The Economic Survey for 2017-18 paints the picture of an economy that gives reason for both optimism and caution. It projects that GDP growth could accelerate to 7-7.5% in 2018-19, from 6.75% in the current fiscal, reinstating India as the world’s fastest-growing major economy. According to Chief Economic Adviser Arvind Subramanian, the key factors contributing to the positive prognosis are the reform measures: the July 1 implementation of the Goods and Services Tax and the steps taken to address the twin balance sheet problem in the banking sector. The latter includes the push to use the Insolvency and Bankruptcy Code for debt resolution and the initiative to recapitalise public sector banks. Adding to these domestic enablers are the fair winds of a global recovery that have already lent a lift to overseas demand for India’s goods and services. But capitalising on these favourable factors while remaining vigilant to other macroeconomic threats, including a key risk in the form of persistently high oil prices, would require exemplary economic stewardship. Among the concerns the CEA has flagged is one relating to what the Survey calls “a classic emerging market ‘sudden stall’ induced by sharp corrections to elevated stock prices.” With Indian stock indices continuing to soar to new highs on an almost daily basis, the Survey warns against “sanguineness about its sustainability”. A correction in the stock market, besides triggering capital outflows, could force policymakers to raise interest rates, choking off the nascent recovery.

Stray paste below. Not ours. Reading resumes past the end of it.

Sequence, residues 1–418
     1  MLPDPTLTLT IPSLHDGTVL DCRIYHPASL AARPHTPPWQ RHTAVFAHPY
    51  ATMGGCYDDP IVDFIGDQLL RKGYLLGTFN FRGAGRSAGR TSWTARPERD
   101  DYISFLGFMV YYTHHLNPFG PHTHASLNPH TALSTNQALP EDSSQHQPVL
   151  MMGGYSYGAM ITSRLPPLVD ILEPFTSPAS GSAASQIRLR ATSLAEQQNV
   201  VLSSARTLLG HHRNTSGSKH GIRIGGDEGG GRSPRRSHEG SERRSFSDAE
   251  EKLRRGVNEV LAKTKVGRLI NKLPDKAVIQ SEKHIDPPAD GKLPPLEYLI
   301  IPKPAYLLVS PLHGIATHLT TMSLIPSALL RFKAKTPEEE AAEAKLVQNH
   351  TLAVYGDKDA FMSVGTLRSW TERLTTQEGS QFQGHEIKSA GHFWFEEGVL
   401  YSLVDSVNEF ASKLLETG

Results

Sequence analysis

On the fiscal front, the survey contends that the Centre needs to reappraise its priorities. The onus, it argues, has to be squarely placed on establishing and maintaining policy credibility. To this end, it argues against “setting overly ambitious targets for consolidation, especially in a pre-election year” that are based on optimistic and unrealistic assumptions. Instead, it recommends a “modest consolidation” that would signal a return to the path of calibrated deficit reductions. In doing so, it appears that the Survey is signalling that the government may have to retain the elbow room to stabilise the GST, complete the recapitalisation exercise and, most crucially, support agriculture. Devoting an entire chapter to ‘Climate, Climate Change and Agriculture’, the CEA and his team have stressed on the dangers climate change poses to the outlook for farm growth. With the potential to reduce annual agricultural incomes — by as much as 20-25% for unirrigated areas — the Survey calls for a range of mitigation measures including extensive provision of efficient irrigation technologies and a wholesale review of the cereal-centric approach to policy. Citing job creation and education as key priorities, the Survey sets out a plan for rapid economic expansion by recommending that policymakers keep their sights trained on strengthening “the only two truly sustainable engines — private investment and exports.”
via Economic Survey: Cautious optimism – The Hindu